Asked to name something nice about each other, Preibus praises Bannon's 'collars,' Bannon cites Mussolini
Reince Priebus and Stephen Bannon continued their campaign to prove that they definitely don't hate each other and absolutely are best friends during a strange little interview at CPAC on Thursday that ABC News' Ali Rogin dubbed a "buddy comedy."
At one point, the pair were asked to name something that they like about the other. Preibus, apparently joking, offered up Bannon's "collars." "I love how many collars he wears," Preibus said. "It's an interesting look."
Priebus to Bannon: "I love how many collars he wears...interesting look" pic.twitter.com/kxgTrYV2iq
— POLITICO (@politico) February 23, 2017
For his part, Bannon said: "I can run a little hot on occasions … the only way this works is Reince is always steady … but his job is by far one of the toughest I've ever seen in my life. To make it run every day, to make the trains — and you only see the surface."
politico: Steve Bannon: "I can run a little hot on occasions" pic.twitter.com/Pg2ff8wgW4
— Eugenio Bertolaccini (@EBertolaccini) February 23, 2017
Ted Cruz used some colorful — or rather, vespertilionine — language to describe the Democratic base during an interview at the Conservative Political Action Conference on Thursday.
"From the left, their base … There's a technical term for their base, " Cruz began.
"Moscow," his interviewer answered.
Cruz nodded, but added: "I was going a different direction, which was 'bat-crap crazy.'" Watch the exchange below. Jeva Lange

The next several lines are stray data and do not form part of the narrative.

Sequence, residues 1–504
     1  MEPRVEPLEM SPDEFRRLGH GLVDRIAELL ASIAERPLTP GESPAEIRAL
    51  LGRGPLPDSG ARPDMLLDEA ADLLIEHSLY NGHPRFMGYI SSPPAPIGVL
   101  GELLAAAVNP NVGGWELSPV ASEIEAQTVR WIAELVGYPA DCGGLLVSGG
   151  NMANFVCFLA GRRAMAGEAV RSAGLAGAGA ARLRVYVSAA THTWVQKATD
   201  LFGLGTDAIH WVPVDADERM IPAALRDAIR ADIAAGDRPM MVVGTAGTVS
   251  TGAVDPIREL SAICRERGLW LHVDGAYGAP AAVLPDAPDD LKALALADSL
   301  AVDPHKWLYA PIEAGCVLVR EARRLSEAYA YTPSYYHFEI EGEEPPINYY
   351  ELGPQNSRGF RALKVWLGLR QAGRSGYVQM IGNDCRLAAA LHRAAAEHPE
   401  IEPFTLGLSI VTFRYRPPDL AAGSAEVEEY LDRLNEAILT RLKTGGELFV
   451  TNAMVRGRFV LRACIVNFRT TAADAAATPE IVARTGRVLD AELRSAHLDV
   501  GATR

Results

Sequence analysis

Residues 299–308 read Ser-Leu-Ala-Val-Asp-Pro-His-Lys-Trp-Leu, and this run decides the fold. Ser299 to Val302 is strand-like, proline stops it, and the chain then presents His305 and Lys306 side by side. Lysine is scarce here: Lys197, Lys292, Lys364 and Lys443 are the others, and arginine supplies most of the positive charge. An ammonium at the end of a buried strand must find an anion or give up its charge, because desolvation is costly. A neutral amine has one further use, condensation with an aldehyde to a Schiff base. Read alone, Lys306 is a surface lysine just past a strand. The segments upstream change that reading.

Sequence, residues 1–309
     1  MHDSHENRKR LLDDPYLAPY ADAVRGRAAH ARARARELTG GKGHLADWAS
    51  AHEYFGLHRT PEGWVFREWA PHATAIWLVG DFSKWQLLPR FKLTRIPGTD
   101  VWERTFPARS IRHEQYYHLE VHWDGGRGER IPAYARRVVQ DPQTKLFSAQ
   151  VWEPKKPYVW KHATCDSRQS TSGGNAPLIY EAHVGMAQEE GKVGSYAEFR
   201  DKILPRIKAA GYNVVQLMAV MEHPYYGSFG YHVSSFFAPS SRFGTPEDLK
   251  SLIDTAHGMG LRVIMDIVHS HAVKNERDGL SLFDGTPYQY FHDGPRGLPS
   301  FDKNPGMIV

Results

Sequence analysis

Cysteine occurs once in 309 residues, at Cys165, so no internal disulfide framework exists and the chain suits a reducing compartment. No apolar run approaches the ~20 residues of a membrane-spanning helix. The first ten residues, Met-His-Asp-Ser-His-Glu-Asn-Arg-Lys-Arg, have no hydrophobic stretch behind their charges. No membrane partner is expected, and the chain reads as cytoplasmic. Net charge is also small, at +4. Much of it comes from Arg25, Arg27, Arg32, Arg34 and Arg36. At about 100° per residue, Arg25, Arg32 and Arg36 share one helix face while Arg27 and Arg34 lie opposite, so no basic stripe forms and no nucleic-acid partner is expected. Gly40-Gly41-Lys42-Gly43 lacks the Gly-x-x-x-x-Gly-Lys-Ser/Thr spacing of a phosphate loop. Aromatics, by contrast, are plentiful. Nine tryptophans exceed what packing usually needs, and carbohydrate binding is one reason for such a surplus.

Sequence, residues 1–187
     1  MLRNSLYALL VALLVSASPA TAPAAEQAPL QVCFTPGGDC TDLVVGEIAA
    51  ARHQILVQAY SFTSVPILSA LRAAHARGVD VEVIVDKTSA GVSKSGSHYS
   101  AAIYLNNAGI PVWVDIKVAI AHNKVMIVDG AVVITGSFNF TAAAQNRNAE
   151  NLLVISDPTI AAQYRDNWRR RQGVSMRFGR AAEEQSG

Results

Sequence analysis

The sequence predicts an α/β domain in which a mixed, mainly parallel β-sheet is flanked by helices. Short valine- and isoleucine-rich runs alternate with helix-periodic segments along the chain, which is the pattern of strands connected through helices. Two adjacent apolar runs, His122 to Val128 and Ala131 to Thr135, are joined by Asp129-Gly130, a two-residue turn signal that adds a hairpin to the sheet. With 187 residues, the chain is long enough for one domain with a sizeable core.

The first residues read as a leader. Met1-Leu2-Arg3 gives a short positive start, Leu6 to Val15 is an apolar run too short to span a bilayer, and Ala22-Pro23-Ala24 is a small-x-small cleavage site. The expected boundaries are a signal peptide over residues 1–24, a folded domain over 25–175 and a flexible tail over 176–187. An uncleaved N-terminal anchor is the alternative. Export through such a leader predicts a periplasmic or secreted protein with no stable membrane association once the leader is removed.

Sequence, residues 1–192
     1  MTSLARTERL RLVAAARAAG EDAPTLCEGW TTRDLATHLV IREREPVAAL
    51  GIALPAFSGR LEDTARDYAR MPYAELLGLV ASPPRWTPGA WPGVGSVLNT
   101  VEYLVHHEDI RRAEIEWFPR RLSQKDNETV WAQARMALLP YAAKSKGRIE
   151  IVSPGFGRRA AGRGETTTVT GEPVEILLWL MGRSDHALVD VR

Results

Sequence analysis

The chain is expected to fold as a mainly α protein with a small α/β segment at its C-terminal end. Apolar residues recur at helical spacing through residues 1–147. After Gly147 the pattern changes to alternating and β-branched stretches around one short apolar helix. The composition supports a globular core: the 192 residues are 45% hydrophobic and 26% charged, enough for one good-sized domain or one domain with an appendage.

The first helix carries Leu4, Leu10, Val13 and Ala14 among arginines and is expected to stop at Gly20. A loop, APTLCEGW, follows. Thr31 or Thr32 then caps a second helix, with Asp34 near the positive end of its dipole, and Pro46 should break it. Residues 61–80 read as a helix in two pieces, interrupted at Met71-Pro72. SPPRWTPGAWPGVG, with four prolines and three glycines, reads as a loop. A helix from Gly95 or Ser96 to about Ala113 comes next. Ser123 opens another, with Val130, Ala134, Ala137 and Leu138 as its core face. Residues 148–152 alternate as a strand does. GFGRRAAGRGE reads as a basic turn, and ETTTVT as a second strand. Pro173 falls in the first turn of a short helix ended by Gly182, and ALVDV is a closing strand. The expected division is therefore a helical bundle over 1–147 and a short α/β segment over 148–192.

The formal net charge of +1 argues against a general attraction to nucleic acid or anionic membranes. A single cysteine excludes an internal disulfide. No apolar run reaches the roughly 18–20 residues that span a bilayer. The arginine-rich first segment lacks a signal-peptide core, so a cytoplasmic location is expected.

— This Week (@ThisWeekABC) February 23, 2017
Martin Luther King Jr.'s niece, Alveda King, claims she heard what might seem to be two rather understated reactions from President Trump during his Tuesday visit to the National Museum of African American History and Culture, The Atlanta Journal-Constitution reports:
The first came when [Trump's] gaze fell on a stone auction block from Hagerstown, Maryland, on which slaves would stand before being sold.
King, part of a small delegation to tour the new Smithsonian with the president, overheard Trump say: "Boy, that is just not good. That is not good."
Later, they came upon a set of shackles that were used to restrain children.
"That is really bad," King quoted the president as saying. "That is really bad." [The Atlanta Journal-Constitution]
While King described Trump as being "visibly moved," others were less sure about what Trump might have learned from the exhibit. "History is always instructive and the museum tells a powerful story, so it is unlikely that he wouldn't be moved by his visit," said Janice Mathis, the executive director of the National Council of Negro Women. "Now it is my hope that the visit will move beyond a celebration of Black History Month and that he will now consider public policy that is appropriate for a culturally and racially diverse nation today."